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Christmas loses sparkle at the Salvation Army

Donald George had seizures. They happened often. So on Sunday night, when he "went down" at the Salvation Army shelter, his friends followed the usual routine.

Donald George had seizures.

They happened often.

So on Sunday night, when he “went down” at the Salvation Army shelter, his friends followed the usual routine.

They called 911.

All they had to say was, “Donald’s down.”

The paramedics knew him.

He was a “regular.”

But this seizure wasn’t routine.

And Donald didn’t recover.

Two days before Christmas, the mood at the Salvation Army’s day lounge was desolate.

“Donald died right in there,” said Bruce Weigh, standing outside in the cold, a couple sheets to the wind.

Weigh lives in tent down by “the Indian graveyard.”

He’s got a lot of blankets.

“But I still freeze up,” he said.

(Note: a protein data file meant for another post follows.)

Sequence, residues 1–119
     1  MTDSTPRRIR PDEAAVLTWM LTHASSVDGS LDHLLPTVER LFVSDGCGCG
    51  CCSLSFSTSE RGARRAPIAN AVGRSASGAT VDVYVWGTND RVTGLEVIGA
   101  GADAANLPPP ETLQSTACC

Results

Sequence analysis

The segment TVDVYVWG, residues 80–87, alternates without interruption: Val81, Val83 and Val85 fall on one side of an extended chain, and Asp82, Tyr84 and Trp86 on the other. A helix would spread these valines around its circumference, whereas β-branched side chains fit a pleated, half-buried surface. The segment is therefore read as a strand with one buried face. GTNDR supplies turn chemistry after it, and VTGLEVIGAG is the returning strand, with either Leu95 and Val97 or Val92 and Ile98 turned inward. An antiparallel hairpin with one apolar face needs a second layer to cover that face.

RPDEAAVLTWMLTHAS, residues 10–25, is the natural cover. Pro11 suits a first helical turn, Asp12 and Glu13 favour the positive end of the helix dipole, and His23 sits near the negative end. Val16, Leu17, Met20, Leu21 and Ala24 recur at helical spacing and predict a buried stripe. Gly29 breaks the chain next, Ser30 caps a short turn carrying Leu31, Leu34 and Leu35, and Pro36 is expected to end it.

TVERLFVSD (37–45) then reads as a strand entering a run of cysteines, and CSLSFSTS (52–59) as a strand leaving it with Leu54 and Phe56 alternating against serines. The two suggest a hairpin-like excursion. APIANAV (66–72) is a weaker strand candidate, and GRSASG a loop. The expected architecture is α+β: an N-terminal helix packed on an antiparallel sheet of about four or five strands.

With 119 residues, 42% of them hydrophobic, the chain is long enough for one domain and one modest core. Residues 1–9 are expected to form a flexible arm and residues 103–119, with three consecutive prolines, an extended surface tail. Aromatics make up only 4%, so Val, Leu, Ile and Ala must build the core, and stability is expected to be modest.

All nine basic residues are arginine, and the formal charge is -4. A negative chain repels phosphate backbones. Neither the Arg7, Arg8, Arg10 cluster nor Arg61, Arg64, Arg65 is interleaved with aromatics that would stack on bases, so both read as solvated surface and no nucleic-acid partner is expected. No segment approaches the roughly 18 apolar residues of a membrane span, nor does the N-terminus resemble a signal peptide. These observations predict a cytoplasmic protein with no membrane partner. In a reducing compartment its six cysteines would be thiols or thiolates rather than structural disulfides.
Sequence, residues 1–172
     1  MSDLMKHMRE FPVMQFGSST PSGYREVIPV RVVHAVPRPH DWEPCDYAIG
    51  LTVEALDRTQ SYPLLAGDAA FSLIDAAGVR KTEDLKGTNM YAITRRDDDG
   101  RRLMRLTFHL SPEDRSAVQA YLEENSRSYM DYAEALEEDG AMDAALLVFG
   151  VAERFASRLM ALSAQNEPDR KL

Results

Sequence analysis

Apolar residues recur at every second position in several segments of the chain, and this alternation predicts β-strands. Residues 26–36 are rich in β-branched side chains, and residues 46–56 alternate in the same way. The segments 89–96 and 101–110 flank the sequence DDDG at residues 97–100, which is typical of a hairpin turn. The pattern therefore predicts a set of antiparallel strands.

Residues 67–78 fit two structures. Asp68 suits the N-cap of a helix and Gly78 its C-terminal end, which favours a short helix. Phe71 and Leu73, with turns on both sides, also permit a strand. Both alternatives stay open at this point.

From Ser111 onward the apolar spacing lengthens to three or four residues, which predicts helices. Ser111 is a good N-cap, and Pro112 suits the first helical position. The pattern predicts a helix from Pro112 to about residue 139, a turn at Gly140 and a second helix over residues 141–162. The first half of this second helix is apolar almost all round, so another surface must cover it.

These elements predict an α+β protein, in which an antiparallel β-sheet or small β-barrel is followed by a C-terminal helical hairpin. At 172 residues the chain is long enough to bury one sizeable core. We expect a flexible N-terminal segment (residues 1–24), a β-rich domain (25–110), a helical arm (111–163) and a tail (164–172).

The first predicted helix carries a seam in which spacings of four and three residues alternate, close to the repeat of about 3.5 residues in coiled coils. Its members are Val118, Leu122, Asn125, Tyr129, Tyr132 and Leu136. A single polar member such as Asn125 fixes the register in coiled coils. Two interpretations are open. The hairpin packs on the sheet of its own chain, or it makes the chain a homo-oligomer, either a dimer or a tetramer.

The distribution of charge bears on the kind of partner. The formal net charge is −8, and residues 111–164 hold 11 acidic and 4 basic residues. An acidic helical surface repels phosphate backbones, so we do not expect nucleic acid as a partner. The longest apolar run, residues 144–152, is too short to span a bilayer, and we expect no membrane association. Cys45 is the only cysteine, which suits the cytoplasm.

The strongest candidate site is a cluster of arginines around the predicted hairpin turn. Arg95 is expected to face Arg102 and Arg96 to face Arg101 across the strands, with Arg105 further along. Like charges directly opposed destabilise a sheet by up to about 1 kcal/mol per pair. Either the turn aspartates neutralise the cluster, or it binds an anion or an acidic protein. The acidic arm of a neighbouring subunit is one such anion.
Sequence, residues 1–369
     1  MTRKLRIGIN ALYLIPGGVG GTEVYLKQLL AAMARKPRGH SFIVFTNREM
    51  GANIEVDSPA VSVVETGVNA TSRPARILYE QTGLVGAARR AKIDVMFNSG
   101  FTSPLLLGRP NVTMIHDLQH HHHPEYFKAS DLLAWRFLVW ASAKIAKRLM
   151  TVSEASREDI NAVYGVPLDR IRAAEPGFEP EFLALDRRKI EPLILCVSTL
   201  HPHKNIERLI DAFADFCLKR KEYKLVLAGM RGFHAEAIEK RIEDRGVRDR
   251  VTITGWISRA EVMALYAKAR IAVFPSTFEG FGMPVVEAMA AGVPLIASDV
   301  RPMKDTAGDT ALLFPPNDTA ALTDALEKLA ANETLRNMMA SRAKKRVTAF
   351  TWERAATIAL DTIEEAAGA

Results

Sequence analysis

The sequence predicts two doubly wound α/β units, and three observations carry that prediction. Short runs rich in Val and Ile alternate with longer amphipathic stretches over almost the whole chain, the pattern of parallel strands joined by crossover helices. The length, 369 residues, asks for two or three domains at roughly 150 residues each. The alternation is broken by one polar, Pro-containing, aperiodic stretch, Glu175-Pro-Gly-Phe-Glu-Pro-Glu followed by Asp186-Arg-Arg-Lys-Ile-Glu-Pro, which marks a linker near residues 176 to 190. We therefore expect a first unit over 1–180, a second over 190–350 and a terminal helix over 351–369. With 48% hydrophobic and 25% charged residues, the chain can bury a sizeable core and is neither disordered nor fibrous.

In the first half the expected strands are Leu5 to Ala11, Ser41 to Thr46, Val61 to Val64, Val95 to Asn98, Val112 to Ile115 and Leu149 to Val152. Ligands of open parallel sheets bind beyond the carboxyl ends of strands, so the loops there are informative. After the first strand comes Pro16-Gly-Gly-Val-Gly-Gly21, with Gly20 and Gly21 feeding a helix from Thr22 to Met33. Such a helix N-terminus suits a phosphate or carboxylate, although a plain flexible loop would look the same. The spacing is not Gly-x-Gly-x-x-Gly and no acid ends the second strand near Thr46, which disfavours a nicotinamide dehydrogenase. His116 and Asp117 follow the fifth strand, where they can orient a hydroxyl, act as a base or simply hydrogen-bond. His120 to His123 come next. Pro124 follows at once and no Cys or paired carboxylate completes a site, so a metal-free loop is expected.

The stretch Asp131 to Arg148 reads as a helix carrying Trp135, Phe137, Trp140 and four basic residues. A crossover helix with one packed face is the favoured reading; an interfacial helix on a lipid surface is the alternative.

Inside, Carol Hall was getting people to sign a Christmas card using a Pizza Hut box.

Hall spent the summer in a tent.

Now, the 47-year-old has no place to go.

“I’m an alcoholic,” she said.

“So we struggle here.

“We hope every day that everybody’s OK and we try to take care of each other.”

The card Hall’s passing around is for Judy Lightening, the Salvation Army manager credited for opening the lounge on Christmas Eve one year ago.

It’s been open from 3 p.m. until 8 p.m. ever since, offering clients a warm place to stay during the hours the shelter is shut.

The lounge sees about 40 clients daily.

Lounge worker Donna Smith writes down the names of everyone who walks through the door.

Some days have as many as 56 names scratched in the well-worn logbook.

“It’s sad here right now,” said Smith, mentioning Donald George.

“He came here daily,” she said.

“He was a really nice, harmless guy.”

George used to walk around picking up empties, then use the money to bring food and juice to the lounge to share with everyone, she said.

On Wednesday evening, there was fresh baking, pizza and boxes of chips.

It all comes in as donations, said Smith.